More than 100 Franklin County middle and high school students got to explore the life of an 18th century sailor through a living history program presented by employees of the National Forests in Florida and the U.S. Coast Guard.
The backdrop was the historic Fort Gadsden on the Apalachicola National Forest, the only landmark listed on the National Register of Historic Places that is within the 13-state U.S. Forest Service Southern Region.
Students and teachers participated in hands-on demonstrations with Coast Guard Auxiliary historians working with the 1812 Historic Ship’s Company, established by the Coast Guard as part of its bicentennial commemoration to inform the public of its role during the War of 1812. Forest Service archaeologists hosted an interpretive tour of the site.
“Life was not so easy for sailors during the 18th century. If you were biting the bullet, most likely you were having a limb amputated and a ration of food might contain a weevil-infested sea biscuit,” said Matthew Krogh, a living historian with the Coast Guard Auxiliary.
Fort Gadsden, about 25 miles from Franklin County High School in Eastport, Fla., and 75 miles southwest of Tallahassee, Fla., flourished as a military installation during the early 19th century. The area’s rich maritime history spans Spanish and British occupations, the War of 1812, the acquisition of Florida by the United States in 1819 and through the Civil War. Escaped slaves also found refuge within its walls.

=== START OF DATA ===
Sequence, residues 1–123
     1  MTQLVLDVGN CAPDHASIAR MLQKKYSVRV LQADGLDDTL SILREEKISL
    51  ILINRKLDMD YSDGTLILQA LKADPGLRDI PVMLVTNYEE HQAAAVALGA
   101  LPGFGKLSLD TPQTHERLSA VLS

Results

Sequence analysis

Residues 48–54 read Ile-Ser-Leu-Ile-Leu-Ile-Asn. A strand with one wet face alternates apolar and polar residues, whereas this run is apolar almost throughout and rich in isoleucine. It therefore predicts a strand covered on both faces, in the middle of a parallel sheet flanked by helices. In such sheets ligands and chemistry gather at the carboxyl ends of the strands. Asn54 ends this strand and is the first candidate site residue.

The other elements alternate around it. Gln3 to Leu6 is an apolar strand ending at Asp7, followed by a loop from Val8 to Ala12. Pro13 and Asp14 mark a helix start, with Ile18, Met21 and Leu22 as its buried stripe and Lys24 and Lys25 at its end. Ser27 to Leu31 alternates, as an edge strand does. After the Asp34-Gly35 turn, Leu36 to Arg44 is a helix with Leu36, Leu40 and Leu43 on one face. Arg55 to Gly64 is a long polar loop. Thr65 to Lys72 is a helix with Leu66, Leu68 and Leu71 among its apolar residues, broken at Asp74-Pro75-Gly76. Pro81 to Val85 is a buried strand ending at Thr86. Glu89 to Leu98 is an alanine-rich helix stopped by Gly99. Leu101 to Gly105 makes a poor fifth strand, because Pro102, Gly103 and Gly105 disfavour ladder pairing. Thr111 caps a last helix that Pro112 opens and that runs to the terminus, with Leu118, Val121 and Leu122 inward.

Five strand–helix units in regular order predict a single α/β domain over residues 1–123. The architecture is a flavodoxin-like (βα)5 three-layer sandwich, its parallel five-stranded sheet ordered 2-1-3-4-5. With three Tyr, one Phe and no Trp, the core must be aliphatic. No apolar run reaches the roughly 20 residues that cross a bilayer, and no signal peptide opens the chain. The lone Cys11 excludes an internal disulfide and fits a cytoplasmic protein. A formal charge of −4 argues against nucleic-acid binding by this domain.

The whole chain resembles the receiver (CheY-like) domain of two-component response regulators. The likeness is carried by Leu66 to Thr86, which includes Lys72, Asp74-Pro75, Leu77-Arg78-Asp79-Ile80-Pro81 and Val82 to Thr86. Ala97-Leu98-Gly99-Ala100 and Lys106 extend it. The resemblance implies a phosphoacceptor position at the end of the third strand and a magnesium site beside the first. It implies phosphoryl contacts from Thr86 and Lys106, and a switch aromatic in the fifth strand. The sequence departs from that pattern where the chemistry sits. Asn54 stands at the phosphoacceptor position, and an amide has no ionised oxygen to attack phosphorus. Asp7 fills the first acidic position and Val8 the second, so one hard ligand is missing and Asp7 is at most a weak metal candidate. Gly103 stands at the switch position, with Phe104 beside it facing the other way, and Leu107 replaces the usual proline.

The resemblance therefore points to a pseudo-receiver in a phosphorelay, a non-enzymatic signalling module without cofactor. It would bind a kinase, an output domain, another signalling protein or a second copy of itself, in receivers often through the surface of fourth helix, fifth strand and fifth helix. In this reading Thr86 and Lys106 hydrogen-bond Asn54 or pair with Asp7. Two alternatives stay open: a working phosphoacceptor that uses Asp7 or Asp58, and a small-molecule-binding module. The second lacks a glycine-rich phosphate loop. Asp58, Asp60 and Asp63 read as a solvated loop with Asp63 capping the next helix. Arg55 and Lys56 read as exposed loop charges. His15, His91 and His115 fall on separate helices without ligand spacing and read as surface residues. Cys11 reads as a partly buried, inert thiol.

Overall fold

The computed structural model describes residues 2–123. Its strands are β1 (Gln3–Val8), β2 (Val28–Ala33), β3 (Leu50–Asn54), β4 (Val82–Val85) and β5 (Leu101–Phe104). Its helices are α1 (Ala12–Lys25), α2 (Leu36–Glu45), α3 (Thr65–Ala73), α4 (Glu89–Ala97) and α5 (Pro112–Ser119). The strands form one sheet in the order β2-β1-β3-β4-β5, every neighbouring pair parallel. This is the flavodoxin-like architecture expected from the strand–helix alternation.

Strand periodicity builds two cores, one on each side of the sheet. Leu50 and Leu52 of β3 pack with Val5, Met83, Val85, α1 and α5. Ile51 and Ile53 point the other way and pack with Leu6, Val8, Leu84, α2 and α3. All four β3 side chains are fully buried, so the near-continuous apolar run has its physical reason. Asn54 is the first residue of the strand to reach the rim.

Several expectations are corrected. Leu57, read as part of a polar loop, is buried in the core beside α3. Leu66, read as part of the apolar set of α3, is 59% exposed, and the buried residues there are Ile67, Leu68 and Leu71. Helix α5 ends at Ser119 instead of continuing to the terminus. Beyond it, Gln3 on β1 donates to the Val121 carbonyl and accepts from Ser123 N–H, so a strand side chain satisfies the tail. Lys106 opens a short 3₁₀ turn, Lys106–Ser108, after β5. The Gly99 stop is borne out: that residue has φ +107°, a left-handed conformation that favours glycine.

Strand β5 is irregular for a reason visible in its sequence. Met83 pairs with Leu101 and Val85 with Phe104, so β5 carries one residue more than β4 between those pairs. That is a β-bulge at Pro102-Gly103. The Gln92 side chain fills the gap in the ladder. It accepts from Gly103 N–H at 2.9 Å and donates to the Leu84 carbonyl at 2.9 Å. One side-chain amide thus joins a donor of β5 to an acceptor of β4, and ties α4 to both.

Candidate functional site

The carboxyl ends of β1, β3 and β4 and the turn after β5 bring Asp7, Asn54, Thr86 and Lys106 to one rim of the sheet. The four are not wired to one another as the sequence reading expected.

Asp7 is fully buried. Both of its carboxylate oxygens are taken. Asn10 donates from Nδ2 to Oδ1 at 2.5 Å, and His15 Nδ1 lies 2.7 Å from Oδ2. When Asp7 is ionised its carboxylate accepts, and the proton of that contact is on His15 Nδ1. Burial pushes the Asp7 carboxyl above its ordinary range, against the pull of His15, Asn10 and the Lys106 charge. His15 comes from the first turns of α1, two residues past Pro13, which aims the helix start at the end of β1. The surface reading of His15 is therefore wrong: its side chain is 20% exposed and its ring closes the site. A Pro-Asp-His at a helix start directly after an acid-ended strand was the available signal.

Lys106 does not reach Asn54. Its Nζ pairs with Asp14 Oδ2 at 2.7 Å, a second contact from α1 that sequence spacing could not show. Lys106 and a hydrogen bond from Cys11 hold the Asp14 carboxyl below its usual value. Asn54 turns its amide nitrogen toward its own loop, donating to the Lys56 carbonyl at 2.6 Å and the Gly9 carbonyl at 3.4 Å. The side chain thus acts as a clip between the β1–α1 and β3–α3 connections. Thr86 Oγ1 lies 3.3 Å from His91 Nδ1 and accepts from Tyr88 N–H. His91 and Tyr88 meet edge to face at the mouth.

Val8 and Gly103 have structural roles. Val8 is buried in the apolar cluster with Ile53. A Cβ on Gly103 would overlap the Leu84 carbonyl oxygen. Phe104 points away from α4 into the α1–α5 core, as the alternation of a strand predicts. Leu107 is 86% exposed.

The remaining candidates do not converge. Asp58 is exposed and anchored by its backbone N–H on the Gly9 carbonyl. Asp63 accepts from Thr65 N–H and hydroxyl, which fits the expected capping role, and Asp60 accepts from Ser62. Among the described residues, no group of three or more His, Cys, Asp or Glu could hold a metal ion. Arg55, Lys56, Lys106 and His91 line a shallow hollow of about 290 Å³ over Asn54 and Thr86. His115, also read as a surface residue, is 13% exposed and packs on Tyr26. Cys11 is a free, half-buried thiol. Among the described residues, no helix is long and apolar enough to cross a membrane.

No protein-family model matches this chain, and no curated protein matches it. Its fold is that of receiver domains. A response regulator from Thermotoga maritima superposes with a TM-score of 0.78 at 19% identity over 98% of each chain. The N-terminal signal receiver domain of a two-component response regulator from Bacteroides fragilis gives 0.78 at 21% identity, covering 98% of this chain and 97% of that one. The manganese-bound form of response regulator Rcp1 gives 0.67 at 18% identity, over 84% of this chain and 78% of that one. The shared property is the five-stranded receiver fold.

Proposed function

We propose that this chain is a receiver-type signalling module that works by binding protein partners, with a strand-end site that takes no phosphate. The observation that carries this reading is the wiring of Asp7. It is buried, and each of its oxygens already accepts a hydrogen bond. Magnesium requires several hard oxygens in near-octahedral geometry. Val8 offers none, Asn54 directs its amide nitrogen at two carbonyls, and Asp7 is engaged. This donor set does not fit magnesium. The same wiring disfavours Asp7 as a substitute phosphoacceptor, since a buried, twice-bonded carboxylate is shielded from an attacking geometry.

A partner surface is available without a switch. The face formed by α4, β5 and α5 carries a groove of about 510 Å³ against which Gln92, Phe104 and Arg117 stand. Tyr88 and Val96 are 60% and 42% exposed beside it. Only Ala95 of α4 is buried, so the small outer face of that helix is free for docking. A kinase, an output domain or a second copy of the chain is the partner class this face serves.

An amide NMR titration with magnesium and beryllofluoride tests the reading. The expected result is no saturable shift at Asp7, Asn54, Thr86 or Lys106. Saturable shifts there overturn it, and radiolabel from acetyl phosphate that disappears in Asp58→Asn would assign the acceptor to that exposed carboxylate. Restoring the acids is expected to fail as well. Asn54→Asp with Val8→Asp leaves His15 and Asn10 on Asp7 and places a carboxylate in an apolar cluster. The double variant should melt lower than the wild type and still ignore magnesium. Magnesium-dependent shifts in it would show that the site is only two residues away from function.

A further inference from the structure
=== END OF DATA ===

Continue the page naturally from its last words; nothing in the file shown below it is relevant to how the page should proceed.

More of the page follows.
“Places of international historical significance can be in your backyard,” said Rhonda Kimbrough, Forest Service archaeologist. “Strategically situated on the east bank of the Apalachicola River, the location was remote, but ideal for waterway transportation and commerce with its direct river access connecting the Gulf of Mexico with inland plantations and other resources.”
For the presentation with the Forest Service, Coast Guard Auxiliary members dressed in period naval uniforms. They showed students navigation techniques, depth finding with lead lines, weapons use and what can now be considered primitive surgical and medical practices. They offer similar presentations throughout the year for other Coast Guard activities and events.
“Hands-on teaching like this and discussion about the importance of the historical significance allows the students to touch, feel and hear history. It’s a very, very powerful thing,” said eighth-grade teacher Kris Bray.